“Funny story about that guitar... It took Jordan two years to finish it and eight days after I got it, I dropped it, face first. My gigbag wasn’t zipped up and the irony is that I was rushing out the door to have a flight case made for it! I threw it over my shoulder, bam, face first, caved the top right in. I wept like a baby. Then it took him another two years to fix it! And he did an incredible job of piecing the poor beast back together.”
Lightbulb moments and Joey's pedalboard
The discipline on stage and the focus on singing, harmony and melody seems paramount for you guys. It’s not common in rock ’n’ roll bands, would you agree?
“Yeah, but it’s taken us a while to get there. When we first started playing out, we were a trio and I’d bring two amps and run them into cabs: massive guitar tones! But we just couldn’t [hear ourselves] sing and by the end of the night my voice was ragged, so doing a run of shows was a problem. So it just came to a point where we said, ‘We’ve just got to turn down,’ much to our own dismay. And that’s when the worlds opened up. Like, ‘Oh! This is how to do it!’
“I stopped bringing my [Marshall] Plexi out and started bringing my little [Fender] Deluxe instead, and leaning on pedals a little more for my overdrive sounds.So, yeah, there are certain compromises along the way, but the vision is that we’ve got to have these harmonies out front.We love harmonies and I love fun chord progressions, so that’s really the mission statement of the band. We have to get out of the way for the vocals and if that means my tone is not as exciting as it was once upon a time, then that’s just the way it is.”
We’re glad you mentioned chord progressions – there are a lot of, dare we say, ‘clever’ inversions and voicings in your playing, but without sounding forced or contrived. It hints at some wider guitar learning or study... What’s the story?
“Out of high school, for university I wanted to go to jazz school. I was always really into bebop and I love the older stuff – like Sonny Rollins, John Coltrane, the guys of that vintage. I mean, I’m not a good jazz player, but I do love the sensibilities and the harmony and feel. In fact, I’ve always been more of a geek about harmony thanI ever have about soloing or whatever, dissecting the harmonic content and figuring out how chord progressions and inversions move together. And substitutions – I love all that stuff. It’s a delicate balance, though. I have to not let it go too far because there have certainly been a couple of moments where I’m figuring out where the line is. And, ‘Oh, there it is! People are bored now [laughs].’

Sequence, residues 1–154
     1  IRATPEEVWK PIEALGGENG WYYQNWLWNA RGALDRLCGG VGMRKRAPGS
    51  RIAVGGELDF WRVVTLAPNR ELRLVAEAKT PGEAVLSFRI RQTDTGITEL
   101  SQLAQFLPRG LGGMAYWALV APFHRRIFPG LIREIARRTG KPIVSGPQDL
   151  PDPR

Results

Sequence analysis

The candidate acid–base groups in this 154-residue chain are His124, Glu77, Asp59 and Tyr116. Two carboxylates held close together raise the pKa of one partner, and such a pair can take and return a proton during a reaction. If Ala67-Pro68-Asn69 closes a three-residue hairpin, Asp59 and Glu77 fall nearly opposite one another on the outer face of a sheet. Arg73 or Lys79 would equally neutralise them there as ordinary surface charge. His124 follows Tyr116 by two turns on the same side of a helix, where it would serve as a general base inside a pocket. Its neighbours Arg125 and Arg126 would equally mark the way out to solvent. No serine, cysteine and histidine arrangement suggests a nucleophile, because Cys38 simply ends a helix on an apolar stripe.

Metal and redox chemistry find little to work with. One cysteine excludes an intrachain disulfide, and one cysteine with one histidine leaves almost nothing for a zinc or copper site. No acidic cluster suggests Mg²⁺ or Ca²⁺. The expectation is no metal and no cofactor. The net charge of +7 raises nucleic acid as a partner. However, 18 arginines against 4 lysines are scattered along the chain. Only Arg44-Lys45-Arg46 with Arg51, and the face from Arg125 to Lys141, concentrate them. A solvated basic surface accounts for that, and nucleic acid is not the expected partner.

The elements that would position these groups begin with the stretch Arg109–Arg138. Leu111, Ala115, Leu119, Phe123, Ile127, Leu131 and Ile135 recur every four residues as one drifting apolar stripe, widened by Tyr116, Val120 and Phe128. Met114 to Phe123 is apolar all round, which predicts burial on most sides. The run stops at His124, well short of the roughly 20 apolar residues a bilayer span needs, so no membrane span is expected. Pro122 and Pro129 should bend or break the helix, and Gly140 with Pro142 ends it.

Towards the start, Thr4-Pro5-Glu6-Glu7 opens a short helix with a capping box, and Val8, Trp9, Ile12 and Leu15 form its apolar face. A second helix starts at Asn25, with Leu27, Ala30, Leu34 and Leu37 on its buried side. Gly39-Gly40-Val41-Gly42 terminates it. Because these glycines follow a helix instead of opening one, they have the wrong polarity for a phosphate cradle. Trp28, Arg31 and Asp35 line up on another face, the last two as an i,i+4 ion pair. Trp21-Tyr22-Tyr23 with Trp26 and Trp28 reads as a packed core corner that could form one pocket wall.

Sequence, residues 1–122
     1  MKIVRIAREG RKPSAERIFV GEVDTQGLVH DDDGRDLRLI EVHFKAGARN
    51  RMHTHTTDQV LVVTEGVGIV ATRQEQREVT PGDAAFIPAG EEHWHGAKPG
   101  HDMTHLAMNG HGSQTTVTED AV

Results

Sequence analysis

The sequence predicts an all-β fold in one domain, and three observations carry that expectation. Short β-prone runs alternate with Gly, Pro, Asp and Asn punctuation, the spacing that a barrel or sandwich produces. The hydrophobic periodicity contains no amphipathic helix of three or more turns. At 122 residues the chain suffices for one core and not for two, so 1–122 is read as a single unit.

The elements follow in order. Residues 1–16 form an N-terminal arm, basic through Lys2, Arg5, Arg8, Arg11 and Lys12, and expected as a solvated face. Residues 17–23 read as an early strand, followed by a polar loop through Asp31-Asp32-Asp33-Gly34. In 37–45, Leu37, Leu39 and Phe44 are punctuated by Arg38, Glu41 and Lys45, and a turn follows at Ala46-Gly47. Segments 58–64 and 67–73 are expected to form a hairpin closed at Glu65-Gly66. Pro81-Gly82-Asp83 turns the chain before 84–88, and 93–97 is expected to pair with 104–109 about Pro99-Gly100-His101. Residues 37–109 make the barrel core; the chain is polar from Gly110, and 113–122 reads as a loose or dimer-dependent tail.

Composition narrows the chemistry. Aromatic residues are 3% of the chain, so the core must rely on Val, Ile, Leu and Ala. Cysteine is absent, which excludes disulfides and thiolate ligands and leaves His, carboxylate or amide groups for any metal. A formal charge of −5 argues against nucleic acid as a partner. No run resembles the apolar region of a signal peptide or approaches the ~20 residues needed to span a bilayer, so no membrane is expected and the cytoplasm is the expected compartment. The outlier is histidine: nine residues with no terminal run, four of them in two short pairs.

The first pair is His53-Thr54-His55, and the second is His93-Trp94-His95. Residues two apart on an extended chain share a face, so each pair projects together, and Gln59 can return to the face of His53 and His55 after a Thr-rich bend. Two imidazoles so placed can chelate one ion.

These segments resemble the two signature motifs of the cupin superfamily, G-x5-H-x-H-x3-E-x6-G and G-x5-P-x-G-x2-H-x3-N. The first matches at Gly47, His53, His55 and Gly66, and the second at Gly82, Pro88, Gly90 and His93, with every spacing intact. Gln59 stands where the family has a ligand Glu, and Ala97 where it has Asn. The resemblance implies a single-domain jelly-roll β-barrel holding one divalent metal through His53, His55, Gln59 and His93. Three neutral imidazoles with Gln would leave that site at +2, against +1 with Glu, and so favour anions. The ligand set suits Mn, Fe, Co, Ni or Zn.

“Oh, and Ted Greene. I did a fair stint with his Modern Chord Progressions book. I spent quite a bit of time with that in standard tuning. Then I got into the kind of Bach-esque movement, core movement and I watched a bunch of videos of Ted where he’s talking about Bach and his counterpoint stuff. Analysing the Preludes and stuff – incredible harmony and well beyond my abilities. It’s pretty geeky shit!
“Other than that, it’s just fun throwing stuff in there that bends the other guy’s ear. I like it when you’re being challenged when you start to stretch out. Certain songs, you always want to play the solo note-for-note ’cos it’s always got to be there. Like on Let It Lie, if I deviate from that solo, I almost always regret it. But in other moments,I want to interact with the other guys; I want you to throw a different chord at me, or change the root movement, because it’s fun! Otherwise, you just end up playing the same shit over and over. I think that’s where that comes from.”
What’s next for The Bros. Landreth? A new record – please?
“Ha! Yeah, we’ve got to make another record because we’ve been touring so hard on this record, very little effort has been put into the next one, so we need to downshift to writing territory. We want a big pile of tunes to pick from and then do it all over again. I hope we can come back here before the end of the year – maybe even with a new record. We’re dying to come back to the UK, we’ve had such a blast here!”
Joey’s touring pedalboard includes:
Mythos Daedalus overdrive [JTM45 style], Mythos Mjolnir overdrive [Klon style], Xotic RC Booster, custom-made Octavia by Mythos, Strymon Mobius for tremolo and rotary speaker effects, Strymon El Capistan, Dunlop volume pedal. The empty space was for an Origin Effects Slide Rig Compact that Joey was trying for the first time in the UK.